Winston-Salem Taps a New Tradition

This past weekend was a great one for the beer community in North Carolina, especially the city of Winston-Salem. Brewers and beer enthusiasts from around the state (as well as many visitors from throughout the Southeast) came to enjoy two celebrations of North Carolina beer.

Olde Rabbit’s Foot Bottle Release

Beginning at 8 a.m. on Saturday morning, hundreds of craft beer drinkers walked through the doors of Foothills Brewing in downtown Winston-Salem for the release of Olde Rabbit’s Foot, a collaborative beer brewed by Olde Hickory Brewery, The Duck-Rabbit Craft Brewery, and Foothills Brewing. The beer is a blend of wort from each brewery’s imperial stout, brewed with honey and cacao nibs and aged in bourbon barrels. With only a limited number of bottles available and a purchase limit of 4 per person, faithful fans began lining up early Saturday morning (right around last call, not so coincidentally). Olde Rabbit’s Foot is a great example of the support that exists among local brewers and, at a little over 10% ABV, is something you can definitely keep to celebrate North Carolina beer a year or two from now. As the bottle release wrapped up, the city prepared for another event dedicated to craft beer just around the corner.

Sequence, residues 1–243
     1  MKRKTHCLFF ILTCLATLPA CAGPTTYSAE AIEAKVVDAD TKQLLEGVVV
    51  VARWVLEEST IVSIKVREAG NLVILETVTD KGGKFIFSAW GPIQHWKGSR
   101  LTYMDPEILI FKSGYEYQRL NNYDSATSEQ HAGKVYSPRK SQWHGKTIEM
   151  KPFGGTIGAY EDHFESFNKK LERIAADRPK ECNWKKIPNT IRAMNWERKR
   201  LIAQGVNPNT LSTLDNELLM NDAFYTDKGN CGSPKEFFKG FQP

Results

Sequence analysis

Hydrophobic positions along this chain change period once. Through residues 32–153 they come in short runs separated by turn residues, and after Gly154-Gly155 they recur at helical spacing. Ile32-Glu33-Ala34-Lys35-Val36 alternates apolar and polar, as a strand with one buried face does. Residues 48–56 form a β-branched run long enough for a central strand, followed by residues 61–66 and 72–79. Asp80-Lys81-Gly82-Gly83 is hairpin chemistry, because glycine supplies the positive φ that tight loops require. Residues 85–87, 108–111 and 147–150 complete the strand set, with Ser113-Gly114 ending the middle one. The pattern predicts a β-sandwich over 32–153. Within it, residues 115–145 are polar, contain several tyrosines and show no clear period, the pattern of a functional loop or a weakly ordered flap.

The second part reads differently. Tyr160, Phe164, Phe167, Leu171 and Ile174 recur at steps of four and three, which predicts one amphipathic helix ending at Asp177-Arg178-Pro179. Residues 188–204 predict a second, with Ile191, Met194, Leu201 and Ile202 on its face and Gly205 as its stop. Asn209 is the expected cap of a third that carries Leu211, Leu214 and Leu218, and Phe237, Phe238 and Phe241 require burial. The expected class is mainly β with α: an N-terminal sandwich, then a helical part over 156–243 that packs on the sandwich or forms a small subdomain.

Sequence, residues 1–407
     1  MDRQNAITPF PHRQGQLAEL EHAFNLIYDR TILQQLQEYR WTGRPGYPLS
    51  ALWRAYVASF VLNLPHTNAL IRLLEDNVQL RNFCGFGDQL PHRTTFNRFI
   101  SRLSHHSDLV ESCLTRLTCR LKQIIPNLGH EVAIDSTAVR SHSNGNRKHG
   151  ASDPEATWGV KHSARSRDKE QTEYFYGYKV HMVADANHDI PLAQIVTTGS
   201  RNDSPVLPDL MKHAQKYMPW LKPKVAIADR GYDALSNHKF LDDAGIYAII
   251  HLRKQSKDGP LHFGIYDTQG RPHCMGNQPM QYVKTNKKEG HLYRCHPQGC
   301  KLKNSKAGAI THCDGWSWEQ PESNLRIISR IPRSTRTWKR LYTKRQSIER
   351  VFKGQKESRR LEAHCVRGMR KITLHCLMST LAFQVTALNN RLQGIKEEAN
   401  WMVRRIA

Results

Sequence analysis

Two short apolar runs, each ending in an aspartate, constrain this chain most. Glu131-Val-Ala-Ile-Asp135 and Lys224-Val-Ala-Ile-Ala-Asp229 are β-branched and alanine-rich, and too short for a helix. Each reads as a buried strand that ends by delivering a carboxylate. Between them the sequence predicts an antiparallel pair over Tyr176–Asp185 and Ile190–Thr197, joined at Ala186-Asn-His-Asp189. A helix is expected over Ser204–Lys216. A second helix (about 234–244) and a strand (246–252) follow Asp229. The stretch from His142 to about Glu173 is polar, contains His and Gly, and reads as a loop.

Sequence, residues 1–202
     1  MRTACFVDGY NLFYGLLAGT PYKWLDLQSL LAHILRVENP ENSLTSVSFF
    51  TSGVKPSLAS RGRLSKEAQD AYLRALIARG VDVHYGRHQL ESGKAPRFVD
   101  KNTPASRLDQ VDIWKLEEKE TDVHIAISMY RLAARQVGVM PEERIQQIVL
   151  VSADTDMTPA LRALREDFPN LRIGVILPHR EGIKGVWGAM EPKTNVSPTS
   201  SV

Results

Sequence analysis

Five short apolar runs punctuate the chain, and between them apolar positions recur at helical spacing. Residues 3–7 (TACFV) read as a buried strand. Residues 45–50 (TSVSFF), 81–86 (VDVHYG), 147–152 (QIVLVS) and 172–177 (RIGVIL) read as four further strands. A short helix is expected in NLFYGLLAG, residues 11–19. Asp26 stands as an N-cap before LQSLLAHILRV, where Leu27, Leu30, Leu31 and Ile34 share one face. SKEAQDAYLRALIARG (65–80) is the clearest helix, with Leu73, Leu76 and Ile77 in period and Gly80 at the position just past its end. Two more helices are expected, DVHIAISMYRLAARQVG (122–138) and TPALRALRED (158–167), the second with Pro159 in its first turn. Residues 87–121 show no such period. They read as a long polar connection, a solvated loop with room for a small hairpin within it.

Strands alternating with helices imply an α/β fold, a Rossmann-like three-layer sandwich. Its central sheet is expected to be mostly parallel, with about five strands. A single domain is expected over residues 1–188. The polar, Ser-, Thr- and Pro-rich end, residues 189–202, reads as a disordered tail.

Twin City Taps

The inaugural Twin City Taps festival began at noon on Saturday inside Winston-Salem’s BB&T Ballpark. Benefiting the North Carolina Brewers Guild and featuring 23 breweries, all from within the state, Twin City Taps was truly a festival with a purpose and focus. As beer festivals have become more common (and in my opinion generally executed less exceptionally), this one really stood out. All of the elements of this festival came together to make it a real success.

The Venue: No venues are designed specifically for the purpose of a beer festival (yet), but some are definitely better-suited than others. BB&T Ballpark’s primary function as the home of the Winston-Salem Dash baseball team means that it can accommodate large crowds (as can its restrooms). The layout of the stadium allowed festival-goers to walk all the way around (so no dreaded dead-ends or brewery booths stuck at the end of a hallway).

The Setup: I realized sometime in the middle of the festival that having an all-draft lineup made the festival more enjoyable and memorable for many reasons. First, pouring samples for 4 hours from a draft system is much easier than managing bottles wading in tubs of ice. This also allowed each brewery to set up their own bar, adding to the overall branding and message displayed at each tent, which truly became an expression of each brewery’s personality.

Another great part of the event’s layout and setup was the VIP area, located in the stadium’s club level. Aside from the luxury of air conditioning, the VIP area also offered cask beer from participating breweries (stuff you couldn’t actually get at the beer store down the street, unlike some festival’s VIP areas) and a buffet.